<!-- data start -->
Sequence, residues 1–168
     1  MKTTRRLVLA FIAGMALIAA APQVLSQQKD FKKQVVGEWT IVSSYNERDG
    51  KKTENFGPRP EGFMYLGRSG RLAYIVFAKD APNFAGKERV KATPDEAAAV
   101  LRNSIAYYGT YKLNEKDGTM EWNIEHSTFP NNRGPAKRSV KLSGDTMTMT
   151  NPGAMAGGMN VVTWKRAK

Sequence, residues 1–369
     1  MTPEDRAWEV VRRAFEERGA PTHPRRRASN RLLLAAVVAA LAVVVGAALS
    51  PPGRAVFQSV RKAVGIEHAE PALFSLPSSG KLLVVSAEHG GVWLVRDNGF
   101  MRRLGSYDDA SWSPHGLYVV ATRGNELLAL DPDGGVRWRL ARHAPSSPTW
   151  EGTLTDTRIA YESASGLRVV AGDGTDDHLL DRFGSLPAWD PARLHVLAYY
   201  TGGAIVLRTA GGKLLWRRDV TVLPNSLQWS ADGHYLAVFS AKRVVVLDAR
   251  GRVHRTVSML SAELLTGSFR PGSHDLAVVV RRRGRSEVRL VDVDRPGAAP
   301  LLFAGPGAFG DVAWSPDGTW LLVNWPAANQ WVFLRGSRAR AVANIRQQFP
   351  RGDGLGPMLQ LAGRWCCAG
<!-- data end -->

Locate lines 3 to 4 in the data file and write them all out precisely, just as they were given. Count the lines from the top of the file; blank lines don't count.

    51  KKTENFGPRP EGFMYLGRSG RLAYIVFAKD APNFAGKERV KATPDEAAAV
   101  LRNSIAYYGT YKLNEKDGTM EWNIEHSTFP NNRGPAKRSV KLSGDTMTMT